3) Liberally season the fat side with lots of salt and pepper, then flip it over, score the meat side as well, then season with lots of salt, the peppercorn and fennel seed mixture. Grate the garlic over with a zester, followed by the citrus zest and scatter the herbs around, massage it all in so the flavors gets in all the places you scored.

4) Roll the porchetta lengthwise (making sure the part you trimmed ends up tucked in) secure with about 8 pieces or so of kitchen twine. Place the porchetta on a wire rack overtop of a sheet pan, place in the fridge (top rack) for a minimum of 12 hours or up to 48 hours, I keep mine in for about 20 hours.

5) Take the roast out and allow it to come to room temperature for an hour, then preheat your oven to 300 degrees, pop it in the oven and bake for 2.5 hours, then increase the temperature to 500 degrees (don't take the roast out, once it's at 500 then time it for 30 minutes) and roast for 30 more minutes or until the internal temperature reaches 165 degrees.

6) Carefully remove from the oven, allow to sit for 10 minutes before slicing and serving.

For the herb paste and pork roast:

  • 4 cloves garlic, peeled and coarsely chopped
  • 1/4 cup packed fresh sage leaves
  • 1/4 cup packed fresh rosemary leaves
  • 2 teaspoons coarse salt (kosher or sea)
  • 1 1/2 tablespoons cracked black peppercorns
  • 1 teaspoon fennel seeds
  • 2 strips (each 1/2 by 2 inches) orange zest
  • 1 tablespoon fresh lemon juice
  • 1/3 cup extra virgin olive oil, or 3 more as needed
  • 1 pork loin (3 pounds)
  • 4 slices pancetta, unrolled into long strips

For serving (optional):

How to Make Roast Porchetta Recipe with Crispy Skin

You don’t have to be Italian to love the taste of tender, juicy porchetta. It’s um-um-good and a dish that seldom has leftovers very long, since it’s just as good cold as it is freshly cooked.

You make porchetta from pork belly and if you’ve cooked it properly, it will have delectably crisp skin but be so tender it almost melts in your mouth.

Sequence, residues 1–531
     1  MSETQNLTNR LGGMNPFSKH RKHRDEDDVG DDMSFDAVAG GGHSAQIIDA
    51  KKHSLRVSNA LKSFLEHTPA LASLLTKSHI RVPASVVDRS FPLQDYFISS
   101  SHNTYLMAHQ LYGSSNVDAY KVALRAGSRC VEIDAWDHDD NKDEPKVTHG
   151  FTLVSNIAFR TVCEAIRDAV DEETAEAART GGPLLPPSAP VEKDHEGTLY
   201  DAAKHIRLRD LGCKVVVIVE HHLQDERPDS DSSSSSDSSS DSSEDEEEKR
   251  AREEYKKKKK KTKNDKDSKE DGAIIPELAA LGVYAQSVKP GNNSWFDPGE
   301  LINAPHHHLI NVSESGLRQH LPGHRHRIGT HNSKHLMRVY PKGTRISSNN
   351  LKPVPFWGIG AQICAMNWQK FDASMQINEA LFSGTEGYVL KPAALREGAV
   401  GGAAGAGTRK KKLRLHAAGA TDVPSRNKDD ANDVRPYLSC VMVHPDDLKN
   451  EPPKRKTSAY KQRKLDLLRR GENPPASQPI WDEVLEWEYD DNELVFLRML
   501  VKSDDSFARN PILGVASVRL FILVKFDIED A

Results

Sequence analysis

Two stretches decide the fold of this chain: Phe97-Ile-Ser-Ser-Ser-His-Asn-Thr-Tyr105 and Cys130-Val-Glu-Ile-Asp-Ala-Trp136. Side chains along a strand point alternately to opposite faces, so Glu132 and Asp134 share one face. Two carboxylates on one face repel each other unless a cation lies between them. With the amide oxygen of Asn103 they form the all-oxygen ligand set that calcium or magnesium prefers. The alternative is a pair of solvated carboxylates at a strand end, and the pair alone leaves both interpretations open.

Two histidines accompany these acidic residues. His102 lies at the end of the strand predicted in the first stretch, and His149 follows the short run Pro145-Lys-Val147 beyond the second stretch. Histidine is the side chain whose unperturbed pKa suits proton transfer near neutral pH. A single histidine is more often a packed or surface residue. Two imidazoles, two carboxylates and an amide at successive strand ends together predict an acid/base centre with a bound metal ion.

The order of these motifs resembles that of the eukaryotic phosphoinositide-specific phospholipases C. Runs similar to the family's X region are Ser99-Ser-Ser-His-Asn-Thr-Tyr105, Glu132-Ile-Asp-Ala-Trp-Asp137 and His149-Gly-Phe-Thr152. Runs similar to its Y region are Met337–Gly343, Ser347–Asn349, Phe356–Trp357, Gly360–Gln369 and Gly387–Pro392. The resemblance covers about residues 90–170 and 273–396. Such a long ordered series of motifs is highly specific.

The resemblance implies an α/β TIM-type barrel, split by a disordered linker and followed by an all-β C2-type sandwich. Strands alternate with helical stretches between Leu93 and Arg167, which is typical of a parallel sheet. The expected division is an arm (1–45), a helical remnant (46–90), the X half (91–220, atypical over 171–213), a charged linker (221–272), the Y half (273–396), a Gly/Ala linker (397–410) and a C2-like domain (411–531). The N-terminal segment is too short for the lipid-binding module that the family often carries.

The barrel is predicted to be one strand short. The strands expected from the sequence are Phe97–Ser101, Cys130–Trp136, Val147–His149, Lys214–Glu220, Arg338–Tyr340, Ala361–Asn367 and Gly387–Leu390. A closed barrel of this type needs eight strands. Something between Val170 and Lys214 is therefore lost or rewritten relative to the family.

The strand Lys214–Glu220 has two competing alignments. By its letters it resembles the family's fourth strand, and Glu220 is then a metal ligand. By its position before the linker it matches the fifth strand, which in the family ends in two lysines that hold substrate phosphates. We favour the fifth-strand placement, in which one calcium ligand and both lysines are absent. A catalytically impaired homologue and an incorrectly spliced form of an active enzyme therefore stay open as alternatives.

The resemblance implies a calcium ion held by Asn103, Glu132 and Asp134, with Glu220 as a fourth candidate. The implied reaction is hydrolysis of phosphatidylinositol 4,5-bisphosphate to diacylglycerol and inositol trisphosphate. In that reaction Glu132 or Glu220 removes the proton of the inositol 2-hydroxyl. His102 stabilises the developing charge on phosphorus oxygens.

Crispy in the outside tender in the inside

I hadn’t cooked or even tasted it before a friend emailed me a recipe. Not being much of a pork roast fan, I was reluctant to make it. Instead, I put it in my recipe file in my email and forgot it.

It wasn’t until that same friend invited me to dinner and served porchetta, did I realize that the recipe was almost worth its weight in gold. OMG! It was so good, my mouth is watering just thinking about it.

There’s nothing difficult about making porchetta, but it is time-consuming, curing time, no preparation time. First, you must start with a whole pork belly that has the skin still on it, then rub salt into the meat and rub the skin with baking soda.

Put the meat in the fridge to allow the salt to work it’s magic overnight. The rest of the process is relatively easy. You take the meat out, score it with a razor making lines that create small squares on the back, and expose the fat.

Lay the fat, scored side down, and add the layer of seasoning/stuffing on the top of the meat. The stuffing consists of garlic, fennel seed, rosemary, and lemon zest. You roll the meat as you might a bedroll and tie it neatly with string.